Beartown by Fredrik Backman

Fredrick Backman knows how to get readers attention and make it hard to stop reading. That did not happen to me from the start of the book since I have not been exposed to team sports in the way the book describes, and it was hard to get motivated to read about all the small nuances of a hockey team that the first half of the book was about. The author was setting the scene in the first half of the book, getting us acquainted with the characters to execute the main part of the plot with the full strength in the second part of the book. It’s gripping and telling a hard and realistic story that would speak close to a heart of any parent.

Elena’s rating: 4 out of 5

2022 to 2023

“When the going gets tough the tough gets going”.

An abstract paining of a busy blond woman generated by DALL-E.

It’s time to reflect and make new plans. “How was your 2022?”, Paul said. “Probably the worst year of my life”, I replied. He looked shocked. “Oh, I meant on a macro-perspective. On a micro-perspective, it’s been a good year”. I already talked about the macro-perspective in my previous blog post. On a micro-perspective, it’s been an exciting first year in California for me and my family. It’s been the year of taking tons of vaccinations because we did not have our records from Sweden, buying furniture for the new house in the times of global shortages, choosing courses in the new school system, getting a car after eight years of being proudly car-free, and getting a drivers license for the fourth time in my life. It’s been the year of understanding and getting used to the new – the new school system, the new workplace, the new neighbours and the new traditions. It’s been a year of exploration, and exploration is exciting. We’re locals now; we’re from Palo Alto, California, when we get the question: “Where are you guys from?”. In 2022 we met many new friends who will be our friends for life, I’m sure. And we have strengthened our bond with the friends that we left in Sweden – luckily we meet quite often. I accidentally became a snowboarder. Elin join the swim team and water polo team, Alexander decided not to go for American football (what a relief) and went for soccer instead. Paul Jr is fluent in English and started to correct mine. We spent plenty of time with our amazing friends but that’s never going to be enough.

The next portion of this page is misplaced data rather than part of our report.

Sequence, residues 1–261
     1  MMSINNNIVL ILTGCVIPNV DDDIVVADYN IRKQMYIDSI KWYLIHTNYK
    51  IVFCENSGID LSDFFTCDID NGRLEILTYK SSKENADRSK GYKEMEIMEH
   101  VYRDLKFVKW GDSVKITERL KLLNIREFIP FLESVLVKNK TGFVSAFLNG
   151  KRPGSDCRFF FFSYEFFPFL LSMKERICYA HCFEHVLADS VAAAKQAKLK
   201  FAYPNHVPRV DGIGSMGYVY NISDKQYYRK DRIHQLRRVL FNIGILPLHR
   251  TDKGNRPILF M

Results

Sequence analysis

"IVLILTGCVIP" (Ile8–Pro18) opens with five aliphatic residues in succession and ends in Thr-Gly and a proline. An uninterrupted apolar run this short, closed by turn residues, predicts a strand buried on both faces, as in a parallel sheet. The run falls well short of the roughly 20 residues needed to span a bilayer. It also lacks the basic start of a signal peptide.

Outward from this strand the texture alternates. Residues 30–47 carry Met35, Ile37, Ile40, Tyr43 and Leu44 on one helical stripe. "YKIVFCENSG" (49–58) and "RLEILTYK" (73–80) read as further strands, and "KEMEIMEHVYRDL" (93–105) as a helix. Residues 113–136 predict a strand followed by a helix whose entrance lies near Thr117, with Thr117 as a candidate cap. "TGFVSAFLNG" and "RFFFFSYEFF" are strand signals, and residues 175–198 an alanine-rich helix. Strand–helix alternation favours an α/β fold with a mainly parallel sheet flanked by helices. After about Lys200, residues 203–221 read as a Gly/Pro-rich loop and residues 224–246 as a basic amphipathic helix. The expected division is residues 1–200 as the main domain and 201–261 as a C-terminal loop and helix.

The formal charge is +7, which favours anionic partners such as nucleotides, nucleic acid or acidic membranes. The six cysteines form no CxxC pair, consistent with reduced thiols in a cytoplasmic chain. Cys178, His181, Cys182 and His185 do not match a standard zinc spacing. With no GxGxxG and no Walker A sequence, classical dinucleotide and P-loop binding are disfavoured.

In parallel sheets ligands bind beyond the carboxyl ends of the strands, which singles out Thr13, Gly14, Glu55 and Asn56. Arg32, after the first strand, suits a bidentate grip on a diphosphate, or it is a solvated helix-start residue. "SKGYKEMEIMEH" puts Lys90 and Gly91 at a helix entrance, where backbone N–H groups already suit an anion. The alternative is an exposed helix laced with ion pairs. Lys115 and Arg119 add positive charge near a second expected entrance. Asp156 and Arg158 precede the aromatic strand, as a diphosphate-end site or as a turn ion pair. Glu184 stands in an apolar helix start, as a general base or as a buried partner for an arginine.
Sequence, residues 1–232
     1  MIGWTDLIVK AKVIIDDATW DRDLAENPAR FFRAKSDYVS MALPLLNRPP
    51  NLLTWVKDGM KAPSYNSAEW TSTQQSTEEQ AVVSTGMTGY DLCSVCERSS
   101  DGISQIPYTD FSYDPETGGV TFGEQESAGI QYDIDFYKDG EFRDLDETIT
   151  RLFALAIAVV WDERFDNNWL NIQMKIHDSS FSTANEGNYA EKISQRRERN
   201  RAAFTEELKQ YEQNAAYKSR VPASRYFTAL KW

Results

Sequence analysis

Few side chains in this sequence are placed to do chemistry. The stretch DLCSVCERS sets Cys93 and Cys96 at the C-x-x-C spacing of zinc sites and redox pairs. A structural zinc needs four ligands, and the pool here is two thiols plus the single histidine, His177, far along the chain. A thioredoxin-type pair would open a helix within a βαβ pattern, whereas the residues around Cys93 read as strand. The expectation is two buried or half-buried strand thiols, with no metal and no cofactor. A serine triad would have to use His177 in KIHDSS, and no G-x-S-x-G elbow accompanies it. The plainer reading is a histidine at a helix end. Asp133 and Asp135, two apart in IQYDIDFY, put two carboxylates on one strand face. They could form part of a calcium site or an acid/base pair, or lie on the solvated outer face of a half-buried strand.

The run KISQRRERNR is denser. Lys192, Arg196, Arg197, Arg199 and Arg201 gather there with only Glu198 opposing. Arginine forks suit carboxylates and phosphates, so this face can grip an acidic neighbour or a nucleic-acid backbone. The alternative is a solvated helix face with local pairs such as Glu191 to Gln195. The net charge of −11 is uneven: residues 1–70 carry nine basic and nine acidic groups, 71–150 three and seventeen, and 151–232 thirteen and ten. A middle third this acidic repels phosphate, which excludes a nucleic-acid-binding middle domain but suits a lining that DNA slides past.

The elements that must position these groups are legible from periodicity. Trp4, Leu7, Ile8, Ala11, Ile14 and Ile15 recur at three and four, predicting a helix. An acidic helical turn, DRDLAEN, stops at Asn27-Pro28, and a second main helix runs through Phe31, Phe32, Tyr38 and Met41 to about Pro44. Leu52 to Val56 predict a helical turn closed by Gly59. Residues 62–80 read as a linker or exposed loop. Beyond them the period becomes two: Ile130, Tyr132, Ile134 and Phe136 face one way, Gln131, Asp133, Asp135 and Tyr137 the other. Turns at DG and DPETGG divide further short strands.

Work-wise 2022 has been an exciting year. After a long time working from home, we finally returned to the office. I never though that I would be missing going to the office but that’s a fact. 2022 was a year of many changes in my organisation, and 2023 will be the one where we can run faster. I have co-authored a book, together with Paul and Thanos – looking forward to its release in 2023! 2022 was my first full year as a fellow of the Royal Academy of Engineering Sciences in Sweden.

My resolutions for 2023:

  • Less shopping!
  • More time with my mom!
  • More time with my friends!
  • Write!
  • Speak-up!

Books I read since last time…

Reading has different purposes, just like any other consumption, like eating or looking at screens. At times, I need a book to relax and think about something else than my day-to-day life. Those books are easy to consume, and normally the don’t give you a lot of long-lasting impressions. Some books give you a lot of new knowledge, and other books give you a lot of new thoughts, and some are just for comfort. This was a disclaimer for my somewhat mixed reading style.

Kazuo Ishiguro: Klara and the Sun. This was the best thing I have read in a long time. Just read it and tell me how you felt about it. Ishiguro did not receive his Nobel prize for nothing – he is a genius author with a very innovative touch. It’s a sci-fi book, which is not at all far from being seen just as fiction because the characters described in the book can in fact be our reality in a short time. The book made me surprised a couple of times when the story let you realise how it would develop. It does provide a number of ethical questions without giving answers to them. A must-read!